Summary:

Snapguide has been a certified hit as an iPhone app. But now that the content is there — guides on practically everything from the quirky to the dreadfully practical — the team at Heavy Bits, which makes Snapguide, wants to broaden its user base.

Snapguide iPad

Since Snapguide’s iPhone app went live in March, it is up to about 1 million active users, who are uploading quick how-to guides on everything from how to clean your Keurig brewer to making salted caramel glaze to switching your iPhone to a prepaid AT&T subscription plan. In all, there are “tens of thousands” of quick how-to guides uploaded to the service so far. Having realized success on the iPhone, now Snapguide is now making the leap to the big screen. On Thursday, the iPad app will go live in the iOS App Store.

Snapguide iPadThe app has come a long way from creator Daniel Raffel’s initial inspiration to share a complicated sourdough bread recipe with a couple of his friends. The app has always been mobile first: the initial idea was to use the iPhone’s high-quality built-in camera to take a few snaps of the steps of your activity, then quickly tap in a few instructions, then upload to the site no matter where you happen to be. But now that the content is there, the team at Heavy Bits, which makes Snapguide, wants to broaden its user base — that’s where Apple’s iPad comes in.

“The iPhone is probably more natural [for uploading guides], but for consumption, the iPad is a bit better,” Raffel told me. “For us, we want people to create content regardless of platform.”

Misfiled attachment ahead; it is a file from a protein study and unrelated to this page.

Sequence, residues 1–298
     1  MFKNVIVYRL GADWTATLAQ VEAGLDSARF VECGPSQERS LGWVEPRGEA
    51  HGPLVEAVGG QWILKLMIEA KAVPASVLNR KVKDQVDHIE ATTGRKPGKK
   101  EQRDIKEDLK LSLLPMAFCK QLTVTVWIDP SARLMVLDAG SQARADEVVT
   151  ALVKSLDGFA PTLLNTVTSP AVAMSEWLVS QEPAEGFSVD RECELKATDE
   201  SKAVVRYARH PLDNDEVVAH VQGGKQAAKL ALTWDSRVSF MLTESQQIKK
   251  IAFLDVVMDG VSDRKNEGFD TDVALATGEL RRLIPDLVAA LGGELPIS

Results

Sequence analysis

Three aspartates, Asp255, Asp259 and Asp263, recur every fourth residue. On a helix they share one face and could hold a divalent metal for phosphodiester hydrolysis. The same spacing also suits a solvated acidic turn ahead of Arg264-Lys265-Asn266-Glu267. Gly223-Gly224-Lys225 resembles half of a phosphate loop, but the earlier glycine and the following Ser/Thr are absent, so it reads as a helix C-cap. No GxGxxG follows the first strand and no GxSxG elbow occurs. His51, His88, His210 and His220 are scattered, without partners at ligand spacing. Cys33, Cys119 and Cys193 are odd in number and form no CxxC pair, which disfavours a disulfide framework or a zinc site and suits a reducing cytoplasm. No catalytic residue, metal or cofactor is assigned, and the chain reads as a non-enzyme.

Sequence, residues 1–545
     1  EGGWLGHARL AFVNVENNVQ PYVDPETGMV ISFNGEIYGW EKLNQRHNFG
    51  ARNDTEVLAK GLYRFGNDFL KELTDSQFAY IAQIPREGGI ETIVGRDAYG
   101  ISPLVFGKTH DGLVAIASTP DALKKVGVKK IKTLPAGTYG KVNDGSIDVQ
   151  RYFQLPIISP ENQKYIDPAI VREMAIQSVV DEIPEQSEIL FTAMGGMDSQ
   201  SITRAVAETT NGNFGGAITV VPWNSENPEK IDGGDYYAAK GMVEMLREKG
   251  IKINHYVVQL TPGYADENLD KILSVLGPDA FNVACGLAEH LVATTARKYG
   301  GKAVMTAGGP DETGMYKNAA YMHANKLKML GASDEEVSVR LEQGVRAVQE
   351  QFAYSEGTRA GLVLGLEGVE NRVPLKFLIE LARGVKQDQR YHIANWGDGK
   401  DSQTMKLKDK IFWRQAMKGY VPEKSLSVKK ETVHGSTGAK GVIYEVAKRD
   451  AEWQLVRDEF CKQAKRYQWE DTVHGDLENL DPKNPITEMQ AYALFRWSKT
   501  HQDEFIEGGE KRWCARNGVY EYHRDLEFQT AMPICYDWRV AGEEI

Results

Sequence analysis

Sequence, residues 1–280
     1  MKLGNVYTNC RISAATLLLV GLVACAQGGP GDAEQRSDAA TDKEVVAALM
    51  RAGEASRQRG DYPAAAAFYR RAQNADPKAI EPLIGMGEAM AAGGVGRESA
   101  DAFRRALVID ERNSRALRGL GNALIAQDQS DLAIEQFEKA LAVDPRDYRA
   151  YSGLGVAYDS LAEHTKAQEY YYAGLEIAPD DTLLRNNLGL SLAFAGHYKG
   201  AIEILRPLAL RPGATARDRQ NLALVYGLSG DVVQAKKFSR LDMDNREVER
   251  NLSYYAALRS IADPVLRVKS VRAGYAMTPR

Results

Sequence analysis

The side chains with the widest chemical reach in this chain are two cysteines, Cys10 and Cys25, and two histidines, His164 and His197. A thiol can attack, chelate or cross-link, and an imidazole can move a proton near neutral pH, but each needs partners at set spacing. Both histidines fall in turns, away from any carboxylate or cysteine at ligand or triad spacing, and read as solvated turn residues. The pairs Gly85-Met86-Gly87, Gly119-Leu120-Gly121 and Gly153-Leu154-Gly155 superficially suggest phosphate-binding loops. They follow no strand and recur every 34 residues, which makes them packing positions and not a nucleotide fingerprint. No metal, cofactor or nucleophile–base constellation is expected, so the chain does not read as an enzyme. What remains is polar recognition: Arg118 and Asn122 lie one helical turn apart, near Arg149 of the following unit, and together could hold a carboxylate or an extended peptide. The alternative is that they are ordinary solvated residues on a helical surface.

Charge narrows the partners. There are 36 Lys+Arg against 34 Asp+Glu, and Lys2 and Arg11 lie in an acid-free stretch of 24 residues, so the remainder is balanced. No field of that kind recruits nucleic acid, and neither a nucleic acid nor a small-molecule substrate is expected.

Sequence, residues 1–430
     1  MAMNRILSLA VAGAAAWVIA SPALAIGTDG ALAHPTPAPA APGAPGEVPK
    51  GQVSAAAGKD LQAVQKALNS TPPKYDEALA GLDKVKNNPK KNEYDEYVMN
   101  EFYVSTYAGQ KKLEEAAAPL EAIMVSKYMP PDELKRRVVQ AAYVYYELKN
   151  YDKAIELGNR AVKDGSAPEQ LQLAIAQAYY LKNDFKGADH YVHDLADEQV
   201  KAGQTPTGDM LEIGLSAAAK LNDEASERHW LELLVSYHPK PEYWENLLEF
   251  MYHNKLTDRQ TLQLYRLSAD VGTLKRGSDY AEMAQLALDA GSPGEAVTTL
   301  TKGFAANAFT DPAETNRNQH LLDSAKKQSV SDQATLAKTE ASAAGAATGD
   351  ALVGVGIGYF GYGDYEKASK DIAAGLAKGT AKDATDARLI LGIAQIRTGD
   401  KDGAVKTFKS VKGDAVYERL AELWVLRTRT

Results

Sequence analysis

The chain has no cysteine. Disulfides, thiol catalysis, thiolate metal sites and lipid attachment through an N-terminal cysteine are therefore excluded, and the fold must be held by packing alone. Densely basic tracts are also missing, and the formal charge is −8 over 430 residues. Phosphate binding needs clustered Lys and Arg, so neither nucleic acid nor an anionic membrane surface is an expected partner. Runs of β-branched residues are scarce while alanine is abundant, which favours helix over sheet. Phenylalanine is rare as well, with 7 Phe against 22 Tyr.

Snapguide not only has been embraced by users, but Apple has heavily featured it in the App Store as well. Still, Raffel doesn’t want to be just an iOS app. He foresees an Android app someday, but also wants to be a resource for those on the web too. That’s where the big opportunities for expansion is going to come, he said.

“I’d love to see us in first couple Google results. To me, that’s what success ultimately starts to look like — when people on the internet are stumbling on our content when they’re trying to learn to do things,” Raffel said.

The way he envisions doing that is hooking up with a big brand or publisher to share content. He has nothing to share on that just yet, but it’s a good hint about what to expect next from the app. “You can imagine a large magazine or brand creating content on our platform and being promoted; being able to click and find out where to buy the supplies [in a guide] … we want to leverage a bunch of awesome content creators that have existing networks and brands to distribute their content here as well.”

 

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